Sunday, Sep 25, 2016
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Energy

Google goes deep with offshore wind project

NEW YORK — Google will invest heavily in a network of deepwater transmission lines to bring power from offshore wind farms, yet to be built, to states along the East Coast, the company said Tuesday.

The transmission lines, which could cost up to $5 billion over the next 10 years, would run as far as 20 miles offshore from Virginia to New Jersey. The initial phase of the project would be capable of delivering 2,000 megawatts of wind energy — enough to power about 500,000 homes.

Google will own more than a third of the project and has teamed up with other technology companies and investment firms to fund the rest.

“This will have a dramatic impact on accessing offshore wind, and we think it's one of the things that's almost required to take advantage of all of that potential,” said Rick Needham, Google's green business operations director.

Also buying into the project is investment firm Good Energies, Japanese industrial conglomerate Marubeni and Maryland transmission company Trans-Elect.

Trans-Elect CEO Robert L. Mitchell said the first phase is expected to cost $1.8 billion and run 150 miles in federal waters from New Jersey to Delaware. That phase, he said, will be complete by early 2016.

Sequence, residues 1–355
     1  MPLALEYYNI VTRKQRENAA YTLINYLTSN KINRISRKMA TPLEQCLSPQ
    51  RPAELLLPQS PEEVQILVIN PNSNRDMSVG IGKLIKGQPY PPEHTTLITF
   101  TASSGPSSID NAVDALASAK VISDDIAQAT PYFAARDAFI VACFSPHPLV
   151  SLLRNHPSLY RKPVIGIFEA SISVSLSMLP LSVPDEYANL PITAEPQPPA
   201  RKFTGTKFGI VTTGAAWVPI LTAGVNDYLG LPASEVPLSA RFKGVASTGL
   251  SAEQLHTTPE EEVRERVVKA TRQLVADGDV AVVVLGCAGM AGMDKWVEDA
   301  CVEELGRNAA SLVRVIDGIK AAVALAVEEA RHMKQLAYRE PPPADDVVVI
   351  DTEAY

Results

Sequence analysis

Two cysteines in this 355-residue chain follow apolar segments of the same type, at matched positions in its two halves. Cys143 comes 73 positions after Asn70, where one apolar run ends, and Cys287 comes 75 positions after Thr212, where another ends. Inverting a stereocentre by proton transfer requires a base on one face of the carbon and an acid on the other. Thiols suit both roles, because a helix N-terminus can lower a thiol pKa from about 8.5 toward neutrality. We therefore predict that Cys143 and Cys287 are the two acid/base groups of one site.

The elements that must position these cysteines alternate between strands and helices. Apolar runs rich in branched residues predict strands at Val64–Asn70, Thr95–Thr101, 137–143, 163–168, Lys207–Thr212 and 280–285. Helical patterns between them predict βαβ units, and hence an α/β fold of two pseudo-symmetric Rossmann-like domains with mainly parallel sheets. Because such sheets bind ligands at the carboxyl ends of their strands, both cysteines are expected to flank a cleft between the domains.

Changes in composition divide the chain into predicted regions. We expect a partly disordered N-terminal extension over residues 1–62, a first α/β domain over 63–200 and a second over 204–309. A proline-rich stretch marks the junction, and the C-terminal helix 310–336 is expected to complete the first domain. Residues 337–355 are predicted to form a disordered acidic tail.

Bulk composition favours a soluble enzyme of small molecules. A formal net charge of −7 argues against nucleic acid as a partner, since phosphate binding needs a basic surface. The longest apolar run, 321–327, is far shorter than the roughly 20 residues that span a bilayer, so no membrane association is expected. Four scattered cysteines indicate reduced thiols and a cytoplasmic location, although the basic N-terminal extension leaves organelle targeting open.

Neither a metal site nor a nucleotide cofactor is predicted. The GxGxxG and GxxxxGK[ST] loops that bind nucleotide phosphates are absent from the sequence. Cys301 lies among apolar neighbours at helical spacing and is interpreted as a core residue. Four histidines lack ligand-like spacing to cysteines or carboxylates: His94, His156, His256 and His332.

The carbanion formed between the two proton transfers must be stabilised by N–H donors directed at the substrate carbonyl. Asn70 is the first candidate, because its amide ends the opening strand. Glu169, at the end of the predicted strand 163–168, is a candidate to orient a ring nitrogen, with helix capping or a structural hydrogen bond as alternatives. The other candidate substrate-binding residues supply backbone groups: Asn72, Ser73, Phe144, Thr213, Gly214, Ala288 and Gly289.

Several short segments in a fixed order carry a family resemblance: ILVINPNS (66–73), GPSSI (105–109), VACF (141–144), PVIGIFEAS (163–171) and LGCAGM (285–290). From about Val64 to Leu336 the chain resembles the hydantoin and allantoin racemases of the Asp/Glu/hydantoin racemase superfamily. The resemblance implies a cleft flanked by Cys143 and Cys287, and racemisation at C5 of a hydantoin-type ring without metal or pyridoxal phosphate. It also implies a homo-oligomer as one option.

Google and Good Energies will each own 37.5 percent of the project. Marubeni will own 15 percent. A group led by Trans-Elect will own the remaining 10 percent, Mitchell said.

Needham said Google may seek out other investors as the project grows. Google hasn't disclosed how much money the company has devoted to the project so far.

The U.S. is only beginning to develop projects to tap strong wind currents blowing along the Atlantic Coast. Another offshore project, Cape Wind, was opposed by residents worried about how it would affect the marine environment and ocean views.

The new project will not change ocean views from shore because the wind turbines will be so far out to sea, Mitchell said.

The network would tie into PJM Interconnection, an electrical grid that ties into mid-Atlantic states and Washington, D.C.

Construction could begin as soon as 2013 and when completed handle as much as 6,000 megawatts of energy, enough to supply 1.9 million homes.

The project has yet to be approved by PJM or federal regulators.

The energy is expected to cost more than conventional electricity at current market prices, but Needham said Google still sees offshore wind as an attractive a long-term investment.

Efforts to cap emissions may also drive the cost of energy from traditional coal-fired power plants higher as well, which could bring prices in line.

In May, Google made its first direct investment in clean energy, buying a $38.8 million stake in two North Dakota wind farms.

Google has also been trying to rely on renewable energy sources for its data centers, whose demands for power are increasing as the company sets up more computers in its bid to index all of the world's online data.

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